Crude oil prices have also been supported by OPEC-led supply curbs announced last week, although gains were capped after the producer group lowered its 2019 demand forecast.
"The news that China is looking to redraft its 'Made in China' 2025 plan boosted hopes that trade talks are progressing better than expected."
China made its first major US soybean purchases in more than six months on Wednesday, while Beijing also appears to be easing its high-tech industrial push, dubbed "Made in China 2025," which has long irked Washington.
A drop in U.S. crude stockpiles, though less than expected, has helped boost sentiment, analysts said.
U.S. crude inventories fell by 1.2 million barrels in the week to Dec. 7, compared with market expectations for a decrease of 3 million barrels.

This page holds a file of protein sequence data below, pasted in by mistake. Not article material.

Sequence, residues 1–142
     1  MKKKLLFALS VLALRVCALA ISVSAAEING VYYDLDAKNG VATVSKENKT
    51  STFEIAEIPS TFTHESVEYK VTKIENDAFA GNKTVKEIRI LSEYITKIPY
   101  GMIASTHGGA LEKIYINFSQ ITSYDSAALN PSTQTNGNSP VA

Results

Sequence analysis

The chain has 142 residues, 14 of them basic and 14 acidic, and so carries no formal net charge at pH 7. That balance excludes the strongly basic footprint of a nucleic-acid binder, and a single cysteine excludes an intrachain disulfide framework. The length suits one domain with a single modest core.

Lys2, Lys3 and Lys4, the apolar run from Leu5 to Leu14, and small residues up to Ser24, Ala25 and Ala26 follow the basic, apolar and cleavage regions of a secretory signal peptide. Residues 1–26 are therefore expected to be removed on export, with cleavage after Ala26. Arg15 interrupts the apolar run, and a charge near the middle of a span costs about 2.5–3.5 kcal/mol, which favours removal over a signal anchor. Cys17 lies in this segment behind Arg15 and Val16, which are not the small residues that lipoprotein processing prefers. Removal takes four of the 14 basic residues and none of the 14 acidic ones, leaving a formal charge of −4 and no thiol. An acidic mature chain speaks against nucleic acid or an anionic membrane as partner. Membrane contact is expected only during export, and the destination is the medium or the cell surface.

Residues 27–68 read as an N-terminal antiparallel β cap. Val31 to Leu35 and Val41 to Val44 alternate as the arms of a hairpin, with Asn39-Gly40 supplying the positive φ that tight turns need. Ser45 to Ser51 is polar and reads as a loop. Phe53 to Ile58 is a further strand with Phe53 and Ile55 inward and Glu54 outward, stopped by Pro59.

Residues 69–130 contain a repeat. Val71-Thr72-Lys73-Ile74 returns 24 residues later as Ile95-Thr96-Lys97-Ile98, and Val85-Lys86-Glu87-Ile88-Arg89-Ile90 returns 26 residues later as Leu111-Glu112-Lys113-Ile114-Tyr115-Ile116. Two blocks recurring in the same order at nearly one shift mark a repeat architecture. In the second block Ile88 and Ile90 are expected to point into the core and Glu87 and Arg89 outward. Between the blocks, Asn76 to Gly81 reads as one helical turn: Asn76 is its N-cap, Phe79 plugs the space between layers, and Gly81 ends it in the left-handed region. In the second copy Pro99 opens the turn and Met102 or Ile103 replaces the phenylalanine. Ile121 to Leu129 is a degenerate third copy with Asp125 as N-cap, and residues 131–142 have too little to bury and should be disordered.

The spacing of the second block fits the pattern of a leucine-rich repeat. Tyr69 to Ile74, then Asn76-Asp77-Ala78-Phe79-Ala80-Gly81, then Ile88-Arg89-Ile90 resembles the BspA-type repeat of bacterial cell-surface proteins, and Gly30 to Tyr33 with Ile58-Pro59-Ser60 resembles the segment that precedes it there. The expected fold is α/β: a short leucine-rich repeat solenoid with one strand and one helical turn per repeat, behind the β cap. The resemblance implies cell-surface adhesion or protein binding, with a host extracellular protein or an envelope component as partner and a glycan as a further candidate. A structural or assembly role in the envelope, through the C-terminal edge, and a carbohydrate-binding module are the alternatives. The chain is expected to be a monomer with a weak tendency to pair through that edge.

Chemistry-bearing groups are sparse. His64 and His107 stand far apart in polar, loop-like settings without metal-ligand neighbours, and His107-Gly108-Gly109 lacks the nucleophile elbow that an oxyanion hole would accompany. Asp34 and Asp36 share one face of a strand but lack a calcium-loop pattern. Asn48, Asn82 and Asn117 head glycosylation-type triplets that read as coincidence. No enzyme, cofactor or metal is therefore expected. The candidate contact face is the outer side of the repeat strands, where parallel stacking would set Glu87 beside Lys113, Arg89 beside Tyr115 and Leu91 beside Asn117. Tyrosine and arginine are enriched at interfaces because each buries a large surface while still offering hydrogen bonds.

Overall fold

Meanwhile, the Organisation of the Petroleum Exporting Countries (OPEC) said 2019 demand for its crude would fall to 31.44 million barrels per day, 100,000 bpd less than predicted last month and 1.53 million less than it currently produces.
This adds to the concerns of several market watchers that the decision led by the group to cut production by 1.2 million bpd overall might not be enough to override a glut, especially on the back of soaring U.S. output.
"The U.S. is pumping oil like its going out of fashion and that's providing issues for the traditional supply-demand/OPEC dynamic," said Hue Frame, portfolio manager at Frame Funds in Sydney.
The United States, where crude production has hit a record 11.7 million bpd, is set to end 2018 as the world's top oil producer, ahead of Russia and Saudi Arabia.
"At this point, the OPEC+ cuts appear to have merely put a floor under prices," Societe Generale analyst Michael Wittner said in a note.
"We still believe that there is significant upside from current levels; however, it is not clear when the movement will take place. If the market needs to see stockdraws first, it could be a couple of months."